London, Nov 23: No tears, no drama, no contest. The 26th episode of Roger Federer and Rafael Nadal's compelling rivalry turned out to be one of their most one-sided.
Federer took exactly 1 hour to win 6-3, 6-0 and qualify for the semifinals of the ATP World Tour Finals on Tuesday in his most comprehensive victory over the Spaniard.
Pinned behind the baseline, Nadal found Federer's forehand unplayable. From 2-2 in the first set, Federer won 10 of the next 11 games. He finished with 28 winners to Nadal's four.
"It was a great match for me basically from start to finish," said Federer, who broke down in tears after losing to Nadal in the 2009 Australian Open final but had no issues on Tuesday at the O2 Arena.
"I was able to do what I was hoping to do: dominate from the baseline, play close to the baseline, serve well, take his time away."
Jo-Wilfried Tsonga earlier kept alive his hopes of reaching the last four by beating Mardy Fish of the United States 7-6 (4), 6-1. Federer's win means Fish cannot advance.
The winner of Thursday's match between Tsonga and Nadal will claim the other semifinal place from Group B.
"It's not the moment to say goodbye," Nadal said. "It's the moment to keep fighting. I'm still in the tournament."
Nadal still leads the head-to-head series against Federer 17-9, but Tuesday's win extended the Swiss player's dominance indoors, where he has won all four of their matches.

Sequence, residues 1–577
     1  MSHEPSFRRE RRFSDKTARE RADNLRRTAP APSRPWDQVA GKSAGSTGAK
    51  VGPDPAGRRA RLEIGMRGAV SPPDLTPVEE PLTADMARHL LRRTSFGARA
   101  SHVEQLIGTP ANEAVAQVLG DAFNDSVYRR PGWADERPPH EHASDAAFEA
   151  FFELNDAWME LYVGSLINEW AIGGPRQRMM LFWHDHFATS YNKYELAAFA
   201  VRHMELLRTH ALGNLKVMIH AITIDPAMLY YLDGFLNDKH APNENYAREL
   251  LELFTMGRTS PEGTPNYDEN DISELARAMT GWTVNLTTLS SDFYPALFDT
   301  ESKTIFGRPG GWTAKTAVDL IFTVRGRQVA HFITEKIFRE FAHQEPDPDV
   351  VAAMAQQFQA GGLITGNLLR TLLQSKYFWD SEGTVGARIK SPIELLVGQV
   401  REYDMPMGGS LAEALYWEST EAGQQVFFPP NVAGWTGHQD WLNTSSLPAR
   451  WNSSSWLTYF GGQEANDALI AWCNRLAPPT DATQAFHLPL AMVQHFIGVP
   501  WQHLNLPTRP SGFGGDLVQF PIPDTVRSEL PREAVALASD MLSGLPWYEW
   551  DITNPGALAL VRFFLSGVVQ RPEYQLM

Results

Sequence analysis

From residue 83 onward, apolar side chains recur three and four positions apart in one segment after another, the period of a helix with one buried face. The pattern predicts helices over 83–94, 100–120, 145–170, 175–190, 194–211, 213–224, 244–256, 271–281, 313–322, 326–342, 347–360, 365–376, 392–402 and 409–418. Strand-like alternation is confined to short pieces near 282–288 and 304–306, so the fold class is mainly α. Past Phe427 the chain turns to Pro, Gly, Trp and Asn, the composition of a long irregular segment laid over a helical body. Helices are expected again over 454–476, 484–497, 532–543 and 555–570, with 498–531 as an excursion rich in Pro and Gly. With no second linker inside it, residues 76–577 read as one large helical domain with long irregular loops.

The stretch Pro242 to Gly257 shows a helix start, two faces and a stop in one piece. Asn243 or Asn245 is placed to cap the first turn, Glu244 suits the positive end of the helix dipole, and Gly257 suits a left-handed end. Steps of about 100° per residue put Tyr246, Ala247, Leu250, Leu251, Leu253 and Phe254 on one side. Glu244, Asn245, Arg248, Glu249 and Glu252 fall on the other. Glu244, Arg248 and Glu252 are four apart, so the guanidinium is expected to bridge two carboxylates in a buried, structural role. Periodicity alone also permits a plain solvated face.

Nadal, who had an upset stomach during his three-set win over Fish on Sunday, said he had been unable to practice on Monday because of a shoulder problem that he thought might end his tournament but he said he was in "perfect" condition against Federer.
"Today he played too good for me, and that's what happened," Nadal said. "Just accept that."
There hadn't been a 6-0 set between the two former No. 1s since Nadal routed Federer 6-1, 6-3, 6-0 to win the French Open final in 2008 for his 12th win on clay in the series.
"Sometimes it just derails for you, like it derailed for Rafa today and it did for me at the French Open," Federer said.
"Everything you try doesn't work for the guy who is down; for the one who is up, he's taking more and more chances, all of that is working.
"Next thing you know, you're facing a debacle."
The 30-year-old Federer, who is targeting a record sixth title at the season-ending event and a 70th overall, extended his winning streak to 14 matches following titles in Basel and Paris.
He will play Fish in his final group match on Thursday.
Fish has been struggling with a left hamstring injury that has disrupted the end of his season, although he had his chances against Nadal in his first match and against an inconsistent Tsonga.
The sixth-seeded Frenchman was twice up a break in the first set before finally taking it in a tiebreaker. Tsonga was broken at love to start the second set but then reeled off six straight games.
"It's really good to win for the first time here," said Tsonga, whose only previous appearance in the end-of-season tournament was in Shanghai three years ago.
Fish ranted at the umpire during one changeover — although he later said it was a "friendly exchange" — and hit his troublesome left leg with his racket several times.
The pain didn't stop him from attempting a between-the-legs shot in the tiebreaker.
He also ran full speed across the court to reach a short ball toward the end of the second set before vaulting the courtside bench.
"You work so hard to get here for 10 months, 10½ months," Fish said.
"I get all the way here and I couldn't do the things that I wanted to do."